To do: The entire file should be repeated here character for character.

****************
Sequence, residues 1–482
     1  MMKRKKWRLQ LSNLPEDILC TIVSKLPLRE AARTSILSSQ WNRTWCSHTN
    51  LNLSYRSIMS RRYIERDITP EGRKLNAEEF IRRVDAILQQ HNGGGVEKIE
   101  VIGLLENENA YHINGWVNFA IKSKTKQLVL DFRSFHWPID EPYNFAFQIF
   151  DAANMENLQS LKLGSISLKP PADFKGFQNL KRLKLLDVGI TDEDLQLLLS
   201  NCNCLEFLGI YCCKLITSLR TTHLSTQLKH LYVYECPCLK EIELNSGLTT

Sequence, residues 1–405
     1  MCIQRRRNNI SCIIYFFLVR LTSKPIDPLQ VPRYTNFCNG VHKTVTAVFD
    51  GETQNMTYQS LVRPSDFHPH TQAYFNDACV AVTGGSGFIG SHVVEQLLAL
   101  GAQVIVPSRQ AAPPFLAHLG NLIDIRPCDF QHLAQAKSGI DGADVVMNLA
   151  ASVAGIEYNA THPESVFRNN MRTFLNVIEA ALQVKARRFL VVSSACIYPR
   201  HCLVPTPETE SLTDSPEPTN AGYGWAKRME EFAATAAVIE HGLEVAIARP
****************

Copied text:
Sequence, residues 1–482
     1  MMKRKKWRLQ LSNLPEDILC TIVSKLPLRE AARTSILSSQ WNRTWCSHTN
    51  LNLSYRSIMS RRYIERDITP EGRKLNAEEF IRRVDAILQQ HNGGGVEKIE
   101  VIGLLENENA YHINGWVNFA IKSKTKQLVL DFRSFHWPID EPYNFAFQIF
   151  DAANMENLQS LKLGSISLKP PADFKGFQNL KRLKLLDVGI TDEDLQLLLS
   201  NCNCLEFLGI YCCKLITSLR TTHLSTQLKH LYVYECPCLK EIELNSGLTT

Sequence, residues 1–405
     1  MCIQRRRNNI SCIIYFFLVR LTSKPIDPLQ VPRYTNFCNG VHKTVTAVFD
    51  GETQNMTYQS LVRPSDFHPH TQAYFNDACV AVTGGSGFIG SHVVEQLLAL
   101  GAQVIVPSRQ AAPPFLAHLG NLIDIRPCDF QHLAQAKSGI DGADVVMNLA
   151  ASVAGIEYNA THPESVFRNN MRTFLNVIEA ALQVKARRFL VVSSACIYPR
   201  HCLVPTPETE SLTDSPEPTN AGYGWAKRME EFAATAAVIE HGLEVAIARP